“do not want to risk an additional £130 million cut to benefit spending over the period ahead … Nor do we want to be in a position in which people who were sanctioned months ago—in many cases, well over a year ago—have to be refunded”.—[Official Report, Commons, 19/3/13; col. 825.]
I agree with the Labour Party Front Bench on those issues and why the Bill is before us today.
I want to say something about the nature of secondary legislation and its scrutiny. It is Parliament that passes and scrutinises regulations, and it will probably be Parliament that has to decide how it does those things in the light of any subsequent changes brought about by the courts. Of course we are not at the end of this process yet, as I have said already. There are important lessons to learn from these problems to see how we can move on in a better way.
The court determined on narrow issues and on insufficient detail and content of the schemes and regulations, and that the notices given to claimants did not specify the range of sanctions that could be used, but it upheld the policy intentions of the Government’s work schemes and backed the right to require people to take part in programmes that would help to set them into work. Up to 1 September last year, 200,000 people found work through the Government’s Work Programme. Appropriate work experience is a good thing, and it helps to build the confidence of jobseekers. Increasing employment levels in our country since May 2010 have meant that since that time nearly 250,000 fewer people now claim out-of-work benefits, in a period of huge economic difficulty. However, I wish to discuss the operation of these schemes. We know that there are no targets and no league tables for Jobcentre Plus on sanctions. Therefore, the key question I want to probe is how we can better undertake these tasks, which is fundamental to ensuring that we get the best out of existing programmes.
We know from the evidence provided by the DWP that the overwhelming majority of those who have been on the Work Programme are satisfied with it, but, of course, there is always room for improvement. Three-quarters of those who attended the programme said that they believed they were more attractive to potential employers and that their personal confidence had increased as a result. That is a powerful outcome for a group of people who are some distance from the labour market. Clearly, the majority think that they have got closer to it. However, the programmes could offer better outcomes in many cases. The first of these areas concerns engagement with the third sector. When the main contractors were appointed to run the Work Programme, there was much discussion about subcontracting to the third sector. I would be grateful if, when he sums up, my noble friend could tell us to what extent that engagement has occurred given the unusual skills of people in the third sector in dealing with individuals who find themselves in difficulty.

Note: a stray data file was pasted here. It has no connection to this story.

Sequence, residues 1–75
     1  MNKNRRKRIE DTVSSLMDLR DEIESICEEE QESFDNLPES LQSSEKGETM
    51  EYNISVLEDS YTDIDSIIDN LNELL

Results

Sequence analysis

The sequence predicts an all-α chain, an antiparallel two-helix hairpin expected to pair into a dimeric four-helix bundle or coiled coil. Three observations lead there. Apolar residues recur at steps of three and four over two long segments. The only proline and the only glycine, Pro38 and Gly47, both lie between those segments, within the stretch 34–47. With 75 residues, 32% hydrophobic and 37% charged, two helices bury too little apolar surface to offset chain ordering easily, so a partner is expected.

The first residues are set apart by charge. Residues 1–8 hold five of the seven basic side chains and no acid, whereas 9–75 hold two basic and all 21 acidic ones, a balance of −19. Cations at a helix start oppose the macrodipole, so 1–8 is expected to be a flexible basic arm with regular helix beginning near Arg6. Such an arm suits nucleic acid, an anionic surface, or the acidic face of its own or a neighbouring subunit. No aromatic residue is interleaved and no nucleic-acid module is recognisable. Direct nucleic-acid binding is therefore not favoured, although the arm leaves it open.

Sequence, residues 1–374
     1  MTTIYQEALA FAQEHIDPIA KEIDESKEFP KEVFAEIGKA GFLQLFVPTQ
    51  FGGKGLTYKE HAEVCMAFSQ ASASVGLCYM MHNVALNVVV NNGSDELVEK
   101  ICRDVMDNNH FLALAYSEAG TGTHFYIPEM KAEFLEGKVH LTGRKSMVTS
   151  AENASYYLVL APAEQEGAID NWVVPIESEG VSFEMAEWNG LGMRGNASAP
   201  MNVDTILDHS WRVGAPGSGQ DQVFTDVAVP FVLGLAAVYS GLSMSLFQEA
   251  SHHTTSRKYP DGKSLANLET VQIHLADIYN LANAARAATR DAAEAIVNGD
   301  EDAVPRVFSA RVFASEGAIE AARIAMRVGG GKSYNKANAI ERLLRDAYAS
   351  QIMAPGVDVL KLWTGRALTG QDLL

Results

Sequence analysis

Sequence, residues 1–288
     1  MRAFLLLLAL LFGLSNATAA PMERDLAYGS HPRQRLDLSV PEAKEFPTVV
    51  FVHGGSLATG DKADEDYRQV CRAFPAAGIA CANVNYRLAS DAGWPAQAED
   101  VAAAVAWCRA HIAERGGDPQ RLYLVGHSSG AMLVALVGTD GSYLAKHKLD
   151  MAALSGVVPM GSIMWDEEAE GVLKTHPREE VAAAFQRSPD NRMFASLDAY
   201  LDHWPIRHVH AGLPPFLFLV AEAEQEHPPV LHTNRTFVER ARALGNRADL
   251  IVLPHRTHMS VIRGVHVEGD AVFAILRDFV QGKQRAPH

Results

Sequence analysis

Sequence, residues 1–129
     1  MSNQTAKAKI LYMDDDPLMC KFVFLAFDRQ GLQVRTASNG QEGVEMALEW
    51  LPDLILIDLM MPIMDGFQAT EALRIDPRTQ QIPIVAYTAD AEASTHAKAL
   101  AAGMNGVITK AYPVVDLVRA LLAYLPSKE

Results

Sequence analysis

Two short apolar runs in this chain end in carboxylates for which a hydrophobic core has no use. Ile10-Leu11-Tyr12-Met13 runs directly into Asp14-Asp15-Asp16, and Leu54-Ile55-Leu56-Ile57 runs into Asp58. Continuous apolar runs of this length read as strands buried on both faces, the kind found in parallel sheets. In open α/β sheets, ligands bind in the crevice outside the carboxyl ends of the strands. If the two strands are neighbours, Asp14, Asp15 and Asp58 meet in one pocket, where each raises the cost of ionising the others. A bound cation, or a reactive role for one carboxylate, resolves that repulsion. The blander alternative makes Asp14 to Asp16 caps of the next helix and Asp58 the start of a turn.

The second area that we ought to probe is the change of culture within Jobcentre Plus. There is a balance to be struck between codifying everything passed on to the JCP and giving advisers the discretion to interpret issues in the light of claimants’ circumstances. There is a question to be asked about the level of top-down instruction, which in the past has been very much the way of working. I looked up the instruction manual to ascertain what constitutes good reason or good cause for people not undertaking to do things they have been asked to do. You can read through 16 pages of guidance, plus another chapter. However, if you ask people in general what they would do in such circumstances, they reveal an all-embracing understanding of the issues. It is a very complex area and a vigorous interpretation of the guidance has led to the problems being experienced in some offices, particularly in relation to targets for sanctions, which have been mentioned today.